Zero Calories, contain both Konjac fiber and Oat Fiber, easy to absorb flavor (US Patent Pending 61718972)
Konjac tree mainly grows in the south west China mountain range, where pandas live. The root of the konjac tree is full of fiber, which can be used to make konjac foods.Read More
Konjac noodles is made out of 3% konjac fiber, and 97% water. Konjac is gluten free, wheat free, grain free, soy free, sugar free, allergy free... Konjac fiber is a water soluble fiber, which is a perfect prebiotics, which can feed good gut bacteria and help balance the gut bacteria.
Konjac glucomannan (KGM) is a water-soluble dietary fiber derived from the root of the Konjac plant. Konjac foods, also called Shirataki NooldesIn Japan, made from Konjac Glucomannan, are traditional Chinese foods with a history spanning over two thousand years. Referred to as Moyu or Juruo in China, and Konnyaku or Shirataki Noodles in Japan, Konjac foods are a popular health food in the Asian markets.
Konjac is a kind of plant that can live upto 3 years long, it mostly grows in the Southwest China mountainious region, the same beautiful area where Pandas live, Konjac plant has a very nice flower and fruit. The konjac root (tube) is rich of glucomannan fiber, 40-60% dried konjac root is glucomannan fiber.
Konjac fiber has the highest viscosity soluble fiber in nature, according to medical research, the higher the viscosity, the better to control blood sugar levels. Konjac fiber is the best soluble fiber for people with diabetes that want to control blood sugar level naturally.
Kojac glucomannan (KGM) molecules structure
The US Food and Drug Administration has approved food manufacturer use of the following information on product labels:
The American Dietetic Association recommends that people consume 20 to 35 grams of fiber per day, of which 5 to 10 grams should be soluble fiber. However, Americans typically average only about 12 to 17 grams of total fiber and only 3 to 4 grams of soluble fiber a day - about half the recommended amount.
Soluble fiber is the only known food component that will lower blood cholesterol when you add more to your diet. Foods high in soluble fiber help prevent sugar from rising too high after meals by keeping food in the stomach longer. Sugar is absorbed more slowly, preventing free fatty acids and triglycerides from rising too high after meals. Free fatty acids bind to insulin receptors and prevent insulin from doing its job of driving sugar from the bloodstream into cells. In addition, soluble fiber does the following:
Research proves that the higher the viscosity of soluble fiber, the better the control of blood sugar level in patients with Type 2 diabetes:
"A high intake of dietary fiber, particularly of the soluble type, above the level recommended by the ADA, improves glycemic control, decreases hyperinsulinemia, and lowers plasma lipid concentrations in patients with type 2 diabetes "
"Water-soluble fiber appears to have a greater potential to reduce postprandial blood glucose, insulin, and serum lipid levels than insoluble fiber. Viscosity of the dietary fiber is important; the greater the viscosity, the greater the effect. "
"Glucomannan (GM) is differentiated from other soluble fibers by the extraordinarily high viscosity of GM solutions. Administration of 4-5g of GM with meals, blended into fluid or mixed with food, can slow carbohydrate absorption and dampen the postprandial insulin response by up to 50%. "
"KJM fiber added to conventional treatment may ameliorate glycemic control, blood lipid profile, and SBP in high-risk diabetic individuals, possibly improving the effectiveness of conventional treatment in type 2 diabetes "PDF Format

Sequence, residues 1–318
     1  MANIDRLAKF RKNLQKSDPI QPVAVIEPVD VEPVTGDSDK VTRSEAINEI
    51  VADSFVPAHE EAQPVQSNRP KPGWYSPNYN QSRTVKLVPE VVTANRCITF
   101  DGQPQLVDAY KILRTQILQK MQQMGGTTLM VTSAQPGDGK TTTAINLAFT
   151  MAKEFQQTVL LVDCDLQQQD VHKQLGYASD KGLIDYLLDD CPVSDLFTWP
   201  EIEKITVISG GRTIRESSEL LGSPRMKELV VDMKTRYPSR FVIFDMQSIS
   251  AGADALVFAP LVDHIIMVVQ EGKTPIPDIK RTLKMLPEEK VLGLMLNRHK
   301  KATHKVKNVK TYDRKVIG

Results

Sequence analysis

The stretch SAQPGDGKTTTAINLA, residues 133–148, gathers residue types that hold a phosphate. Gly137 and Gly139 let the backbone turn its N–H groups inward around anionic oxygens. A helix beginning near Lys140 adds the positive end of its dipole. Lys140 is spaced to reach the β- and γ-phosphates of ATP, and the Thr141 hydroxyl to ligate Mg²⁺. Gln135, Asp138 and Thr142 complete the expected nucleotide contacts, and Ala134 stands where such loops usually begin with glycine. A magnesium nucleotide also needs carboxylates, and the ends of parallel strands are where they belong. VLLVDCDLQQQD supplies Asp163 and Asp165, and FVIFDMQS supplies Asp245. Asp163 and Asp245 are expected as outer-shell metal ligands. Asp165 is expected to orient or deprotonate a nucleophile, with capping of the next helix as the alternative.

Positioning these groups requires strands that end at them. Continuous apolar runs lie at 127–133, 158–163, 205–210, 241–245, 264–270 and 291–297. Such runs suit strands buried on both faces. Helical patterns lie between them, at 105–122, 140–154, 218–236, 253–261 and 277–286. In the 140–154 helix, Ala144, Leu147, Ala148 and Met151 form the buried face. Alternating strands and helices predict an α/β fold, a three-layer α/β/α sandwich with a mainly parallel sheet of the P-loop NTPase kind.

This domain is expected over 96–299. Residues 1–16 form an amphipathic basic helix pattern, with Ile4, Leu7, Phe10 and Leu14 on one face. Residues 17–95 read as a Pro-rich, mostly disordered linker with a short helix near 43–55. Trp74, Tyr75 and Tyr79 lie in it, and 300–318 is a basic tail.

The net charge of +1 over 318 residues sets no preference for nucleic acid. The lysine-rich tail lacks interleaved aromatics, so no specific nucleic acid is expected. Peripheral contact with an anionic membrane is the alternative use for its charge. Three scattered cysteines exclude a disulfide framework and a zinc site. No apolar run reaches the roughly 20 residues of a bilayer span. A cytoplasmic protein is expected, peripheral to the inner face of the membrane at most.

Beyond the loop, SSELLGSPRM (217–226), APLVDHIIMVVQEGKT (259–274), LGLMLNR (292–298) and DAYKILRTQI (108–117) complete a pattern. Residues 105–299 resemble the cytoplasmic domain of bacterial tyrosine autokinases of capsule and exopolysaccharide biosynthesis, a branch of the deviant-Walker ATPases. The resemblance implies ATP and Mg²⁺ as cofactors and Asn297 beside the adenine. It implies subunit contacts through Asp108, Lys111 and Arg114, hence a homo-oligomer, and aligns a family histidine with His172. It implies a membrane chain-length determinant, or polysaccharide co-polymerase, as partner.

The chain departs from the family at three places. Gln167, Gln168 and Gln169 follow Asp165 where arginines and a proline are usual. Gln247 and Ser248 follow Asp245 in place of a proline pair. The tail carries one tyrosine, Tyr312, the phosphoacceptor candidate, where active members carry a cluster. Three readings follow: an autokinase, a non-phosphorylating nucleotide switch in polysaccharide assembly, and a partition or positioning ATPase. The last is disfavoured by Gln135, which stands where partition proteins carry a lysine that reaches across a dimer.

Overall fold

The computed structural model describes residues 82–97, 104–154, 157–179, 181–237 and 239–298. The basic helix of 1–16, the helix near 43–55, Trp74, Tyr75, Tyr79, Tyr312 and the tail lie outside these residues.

"A diet rich in high-viscosity KJM improves glycemic control and lipid profile, suggesting a therapeutic potential in the treatment of the insulin resistance syndrome. "PDF Format
"The KGM supplement improved blood lipid levels by enhancing fecal excretion of neutral sterol and bile acid and alleviated the elevated glucose levels in diabetic subjects. KGM could be an adjunct for the treatment of hyperlipidemic diabetic subjects. "
Soluble fiber is found in oats, oatmeal, oat bran, beans, legumes, barley, citrus fruits, and psyllium. It can also be found in gums, including; Konjac gum, vegetable gum, pectin, guar gum and gum Arabic. But generally, most have only a small percentage soluble fiber. Oat bran contains the highest level of soluble fiber, about 14%. All other grains contain much less. In comparison, fresh Konjac contains an average of 13% dry matter, of which 64% is glucomannan, making glucomannan the richest soluble fiber resource in nature.
Three times daily before each meal, briskly stir one level teaspoon konjac powder (about 4 gram) in 1 cup water, drink immediatly before the begins to gel.
Like cornstarch, but with 10 times the viscosity, Konjac Glucomannan powder thickens sauces, gravies, puddings and pie fillings without affecting taste.
Konjac Glucomannan is easy to use, dissolving easily into hot or cold liquids.
In addition to buying Konjac foods in the super market or online, you can them make them yourself. You can easily prepare Konjac foods at home using the following simple recipe:
Pour 2 cups of cold water into a pot. Stir in a 1/8 teaspoon of pickling lime. Then, add 2 teaspoon of Konjac Glucomannan powder, stirring continuously to a boil. Boil the mixture for about 3 minutes. Remove from heat. A thermally stable (non-reversible) gel is formed once the mixture cools down. Cut gel into small pieces, dip in water or steam about 3-5 minutes and then cook in the way you like.
Konjac pasta can be boiled or cooked with vegetables, meat, or seafood. It can then be tossed with sauces, vinegar, hot salsa, or ingredients like pepper, onion, or garlic. To prepare Konjac pasta, simply dip it in water for 3-5 minutes, and then prepare it any way you like.
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